Ben Howe, one of the RedState writers fired by Salem Media, lamented in The Daily Beast last week that “there is almost no original reporting” in the conservative media. Alex Pareene of Splinter offered a theory as to why: “A hostility to original reporting isn’t necessarily inherent to the Right—it’s just inherent to the Right we are currently stuck with. It is difficult, for example, to go out and report on the doings of the Trump administration and not come away with stories about how it is a den of incompetents and grifters, led by an unstable crook, without some very creative interpretations of whatever facts you uncover.”

Pareene’s analysis calls to mind the original injunction given to Ben Shapiro in 2016. Given who Trump is, the American right doesn’t need good reporters (who would only risk uncovering more scandals about Trump) nor do they even need effective ideological thinkers (who would only remark on Trump’s deviation from conservative orthodoxy). What the American right needs is good trial lawyers, mercenaries for hire who will defend the president no matter who they might privately think.

And given that a sizable minority of Americans gets its news from these media outlets, that is scary indeed.

 

Remember their strategy and it makes sense

EPA Administrator Scott Pruitt's "solution" to his ethical issues is causing even more ethical issues:

EPA Administrator Scott Pruitt is facing investigations into his housing arrangements with a lobbyist, his travel expenses, and his security detail. He has authorized raises for staff in spite of being told not to by the White House, and allegedly retaliated against EPA whistleblowers. This adds up to at least 11 audits and investigations from the Office of Inspector General and Government Accountability Office, with more news of his ethical lapses seeming to break every day. In order to address these problems, according to the New York Times, the former Oklahoma attorney general has decided he is going to need extra help from a private legal defense fund.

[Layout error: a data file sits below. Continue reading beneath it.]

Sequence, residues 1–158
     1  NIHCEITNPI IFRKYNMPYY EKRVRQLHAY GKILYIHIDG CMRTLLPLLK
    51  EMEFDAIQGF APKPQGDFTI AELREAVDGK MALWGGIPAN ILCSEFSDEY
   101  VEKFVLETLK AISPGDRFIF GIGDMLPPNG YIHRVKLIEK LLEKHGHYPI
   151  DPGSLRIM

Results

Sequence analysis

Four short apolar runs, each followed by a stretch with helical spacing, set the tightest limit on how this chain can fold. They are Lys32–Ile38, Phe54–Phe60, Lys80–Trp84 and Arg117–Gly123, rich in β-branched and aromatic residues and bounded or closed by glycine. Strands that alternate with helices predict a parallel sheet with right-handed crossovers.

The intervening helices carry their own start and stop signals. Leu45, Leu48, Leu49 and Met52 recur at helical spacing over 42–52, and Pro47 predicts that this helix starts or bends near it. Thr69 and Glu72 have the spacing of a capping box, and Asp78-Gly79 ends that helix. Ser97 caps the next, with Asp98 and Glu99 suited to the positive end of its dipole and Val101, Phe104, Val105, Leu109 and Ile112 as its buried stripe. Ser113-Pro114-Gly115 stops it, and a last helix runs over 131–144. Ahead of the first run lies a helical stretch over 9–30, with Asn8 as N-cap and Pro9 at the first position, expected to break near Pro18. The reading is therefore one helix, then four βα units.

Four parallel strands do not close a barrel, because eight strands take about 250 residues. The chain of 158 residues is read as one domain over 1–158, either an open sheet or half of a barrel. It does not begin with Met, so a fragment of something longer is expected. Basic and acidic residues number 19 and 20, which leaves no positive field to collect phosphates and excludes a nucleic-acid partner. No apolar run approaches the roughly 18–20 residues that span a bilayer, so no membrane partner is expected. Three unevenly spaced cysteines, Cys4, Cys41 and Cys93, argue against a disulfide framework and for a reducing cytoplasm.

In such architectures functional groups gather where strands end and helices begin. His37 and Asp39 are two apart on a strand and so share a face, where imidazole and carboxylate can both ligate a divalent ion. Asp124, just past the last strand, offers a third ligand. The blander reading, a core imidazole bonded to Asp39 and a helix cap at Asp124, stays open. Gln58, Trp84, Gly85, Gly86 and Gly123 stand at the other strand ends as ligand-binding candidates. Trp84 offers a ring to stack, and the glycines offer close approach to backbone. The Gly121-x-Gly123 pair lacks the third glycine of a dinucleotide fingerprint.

But as the head environmental regulator, Pruitt having a legal defense fund raises even more questions for government ethics experts, who have trouble envisioning how he will accept donations without creating another ethical mess.

“Legal defense funds can be expensive and difficult to maintain due to extensive screening, compliance, and reporting requirements,” [Virginia Canter, executive branch counsel for Citizens for Responsibility Ethics in Washington (CREW),] notes. “From that perspective alone, he would be better off resigning.”

Yes, but, see: the ethical issues are a feature, not a bug. The whole point of Pruitt's current role is to make as much money as possible from it. No less important to Pruitt is the opportunity to convince people that government doesn't work, which he hopes to accomplish by poisoning the EPA from within.

Once you understand how these guys work, it makes a lot more sense.